HashMap
A HashMap lets you look up values by exact key
(always casesensitive). It is very much like
a Hashtable, except that it is faster and not
threadsafe. There are some minor other differences:
• HashMaps work with Iterators where the older
Hashtables work with Enumerations
• Hashtables work best with capacities that
are prime numbers. HashMaps round capacities
up to powers of two.
The Collection Framework provides two generalpurpose
Map implementation: HashMap and TreeMap. As
with all the concrete implementations, which
implement you use depends on your specific needs.
For inserting, deleting and locating elements
in a Map the HashMap offers best alternatively.
If however you need to traverse the keys in
a sorted order then TreeMap is better alternative.
Depending upon your size of your collection,
it may be faster to add elements to a HashMap
then convert the Map to a TreeMap for sorted
key traversal. Using a HashMap requires that
the class of key added have a welldefined hashCode()
implementation. With the TreeMap implementation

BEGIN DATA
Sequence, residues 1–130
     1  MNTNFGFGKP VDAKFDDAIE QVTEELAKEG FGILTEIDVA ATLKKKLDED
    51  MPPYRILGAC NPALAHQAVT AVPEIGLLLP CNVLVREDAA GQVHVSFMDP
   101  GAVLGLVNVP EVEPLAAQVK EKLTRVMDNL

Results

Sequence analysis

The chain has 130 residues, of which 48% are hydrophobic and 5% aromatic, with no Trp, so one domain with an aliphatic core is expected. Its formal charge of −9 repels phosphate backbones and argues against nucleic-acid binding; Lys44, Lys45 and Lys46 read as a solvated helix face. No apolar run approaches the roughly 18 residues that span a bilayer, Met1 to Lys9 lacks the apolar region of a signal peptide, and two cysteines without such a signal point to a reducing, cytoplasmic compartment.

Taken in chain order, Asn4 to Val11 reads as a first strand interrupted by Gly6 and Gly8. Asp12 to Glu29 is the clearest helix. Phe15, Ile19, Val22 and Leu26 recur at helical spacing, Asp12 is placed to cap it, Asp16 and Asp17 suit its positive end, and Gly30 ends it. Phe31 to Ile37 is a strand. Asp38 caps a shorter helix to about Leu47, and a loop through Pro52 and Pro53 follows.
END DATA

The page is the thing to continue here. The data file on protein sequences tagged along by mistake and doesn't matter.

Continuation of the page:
elements added to the Map must be sortable.
To optimize HashMap usage you can tune the initial
capacity and load factor. The TreeMap has no
tuning options as the tree is always balanced
An
instance of HashMap has two parameters that
affect its performance: initial capacity and
load factor. The capacity is the number of buckets
in the hash table, and the initial capacity
is simply the capacity at the time the hash
table is created. The load factor is a measure
of how full the hash table is allowed to get
before its capacity is automatically increased.
When the number of entries in the hash table
exceeds the product of the load factor and the
current capacity, the capacity is roughly doubled
by calling the rehash method.
As
a general rule, the default load factor (.75)
offers a good tradeoff between time and space
costs. Higher values decrease the space overhead
but increase the lookup cost (reflected in most
of the operations of the HashMap class, including
get and put). The expected number of entries
in the map and its load factor should be taken
into account when setting its initial capacity,
so as to minimize the number of rehash operations.
If the initial capacity is greater than the
maximum number of entries divided by the load
factor, no rehash operations will ever occur.
Note
that these implementation is not synchronized.
If multiple threads access a set concurrently,
and at least one of the threads modifies the
set, it must be synchronized externally. This
is typically accomplished by synchronizing on
some object that naturally encapsulates the
set. If no such object exists, the set should
be "wrapped" using the Collections.synchronizedSet
method. This is best done at creation time,
to prevent accidental unsynchronized access
to the set:
Map
m = Collections.synchronizedMap(new HashMap(...));